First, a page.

First to be noted is that there was nothing coercive in the police dispatcher's telephoning the Branhams and requesting them to go to their front door. This procedure was prudent, as the officers could not leave their car and go to the Branhams' front door because of the barking dogs which surrounded it. Mrs. Branham testified the dispatcher asked her to "please go to [the] front door" because of the officers' predicament, and her husband subsequently admitted them to the house after they said they wanted to ask him some questions. This circumstance does not support a theory of coercion or submission to a claim of lawful authority by which the police gained entry to the home.

While the officers did not initially advise the Branhams of the exact nature of their investigation, defendant cites no authority requiring such an admonition for a valid consent to search. Moreover, both policemen testified the Branhams were advised of the nature of the crime before they asked if Mr. Branham owned any guns and if they could see them. The trial court was free to accept the police version instead of the Branhams' conflicting testimony regarding this. (See People v. DeMorrow (1974), 59 Ill.2d 352, 320 N.E.2d 1.) Whether or not the officers told the Branhams before the rifle was inspected that there was no need to contact an attorney, which the police denied, it would not affect this issue, as defendant received the Miranda warnings before she was questioned or the rifle inspected. See United States v. Piet (7th Cir. 1974), 498 F.2d 178, 181-82.

While defendant also suggests the lateness of the hour when the police arrived and her father's testimony he was unfamiliar with police procedures as evidence his consent was not voluntary, we do not consider that to be the case. Indeed, Mr. Branham was a highly educated, professional person, who evidenced knowledge of his constitutional rights when he refused to let the police take the rifle for testing after he had allowed the officer to inspect it. In light of such circumstances, we cannot say Mr. Branham's will was overcome by the police officers and his consent involuntary, regardless of whether he may have been tired and emotionally distraught by their questioning of his daughter. See United States v. Stone (7th Cir. 1972), 471 F.2d 170; United States v. Black (N.D. Ill. 1981), 510 F. Supp. 989, aff'd (7th Cir. 1982), 675 F.2d 129; People v. Odom (1980), 83 Ill. App.3d 1022, 404 N.E.2d 997, appeal denied (1980), 81 Ill.2d 597; People v. Johnson (1975), 28 Ill. App.3d 799, 329 N.E.2d 464, appeal denied (1975), 60 Ill.2d 599.

A reviewing court will not reverse the trial court's finding on a motion to suppress evidence unless it is manifestly erroneous. (People v. Stout (1985), 106 Ill.2d 77, 88, 477 N.E.2d 498; People v. Reynolds (1983), 94 Ill.2d 160, 165, 445 N.E.2d 766.) The rifle was initially viewed by the investigating officers pursuant to the voluntary consent of its owner, and we conclude both it and the evidence derived from it were admissible and the trial court correctly denied defendant's motion to suppress.

• 2 We consider next whether the 30-year term of imprisonment for this offense was excessive and should be reduced. Defendant argues the sentence does not adequately reflect her prospects for early rehabilitation, noting her youth, lack of prior criminal record and the emotional and psychological problems which she asserts induced the murder.

All penalties must be determined both according to the seriousness of the offense and with the objective of restoring the offender to useful citizenship. (Ill. Const. 1970, art. I, sec. 11; Ill. Rev. Stat. 1983, ch. 38, par. 1001-1-2.) A reviewing court will reduce a sentence only where it constitutes a substantial departure from the fundamental spirit and purpose of the law and is an abuse of discretion. (People v. Cox (1980), 82 Ill.2d 268, 275, 412 N.E.2d 541; People v. Perruquet (1977), 68 Ill.2d 149, 153, 368 N.E.2d 882.) The trial court ordinarily is in the best position to make a reasoned judgment as to a sentence which balances the need to protect society and rehabilitate the offender, and its judgment is due great weight and deference. (People v. LaPointe (1981), 88 Ill.2d 482, 492-93, 431 N.E.2d 344; People v. Perruquet (1977), 68 Ill.2d 149, 154, 368 N.E.2d 882.) A reviewing court will not substitute its judgment solely because it might have balanced the sentencing factors differently if the task of sentencing was given to it. (People v. Cox (1980), 82 Ill.2d 268, 280, 412 N.E.2d 541.) Although rehabilitation is a factor which must be considered, it is not the sole factor and does not outweigh other considerations which are persuasive of a severe sentence. People v. Watson (1982), 107 Ill. App.3d 691, 697, 438 N.E.2d 453, appeal denied (1982), 92 Ill.2d 572.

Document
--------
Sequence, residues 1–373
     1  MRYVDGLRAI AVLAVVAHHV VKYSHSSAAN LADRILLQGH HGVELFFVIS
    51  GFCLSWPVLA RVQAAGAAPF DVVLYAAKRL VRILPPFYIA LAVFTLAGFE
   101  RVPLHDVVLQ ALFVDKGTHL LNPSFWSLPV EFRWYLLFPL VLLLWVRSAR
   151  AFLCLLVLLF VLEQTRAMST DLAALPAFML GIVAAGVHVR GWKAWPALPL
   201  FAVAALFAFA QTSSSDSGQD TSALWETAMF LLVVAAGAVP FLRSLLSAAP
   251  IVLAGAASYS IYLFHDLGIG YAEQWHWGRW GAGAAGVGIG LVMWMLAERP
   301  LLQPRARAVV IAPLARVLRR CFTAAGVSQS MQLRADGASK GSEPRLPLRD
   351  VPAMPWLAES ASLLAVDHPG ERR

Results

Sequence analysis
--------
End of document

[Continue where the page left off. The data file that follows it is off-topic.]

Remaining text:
The mitigating factors upon which defendant relies are insufficient of themselves to justify a sentence reduction if the sentence was otherwise supported. (See People v. Henderson (1980), 83 Ill. App.3d 854, 404 N.E.2d 392, appeal denied (1980), 81 Ill.2d 596; People v. Seaberry (1978), 63 Ill. App.3d 718, 380 N.E.2d 511, appeal denied (1978), 71 Ill.2d 620; People v. Miller (1974), 21 Ill. App.3d 762, 316 N.E.2d 269, appeal denied (1974), 56 Ill.2d 590.) Commission of a premeditated murder is a matter which supports a sentence greater than otherwise might have been merited. (People v. Miller (1974), 21 Ill. App.3d 762, 768, 316 N.E.2d 269, appeal denied (1974), 56 Ill.2d 590; see also, People v. Donald (1977), 56 Ill. App.3d 538, 371 N.E.2d 1101.) The cases relied upon by defendant are inapposite, as they did not involve a deliberate, planned murder as in this case. We conclude the trial court did not abuse its sentencing discretion in view of the nature of the offense. See People v. Slago (1978), 58 Ill. App.3d 1009, 374 N.E.2d 1270.

Accordingly, the judgment of the circuit court is affirmed.

Affirmed.

HOPF and SCHNAKE, JJ., concur.

19851023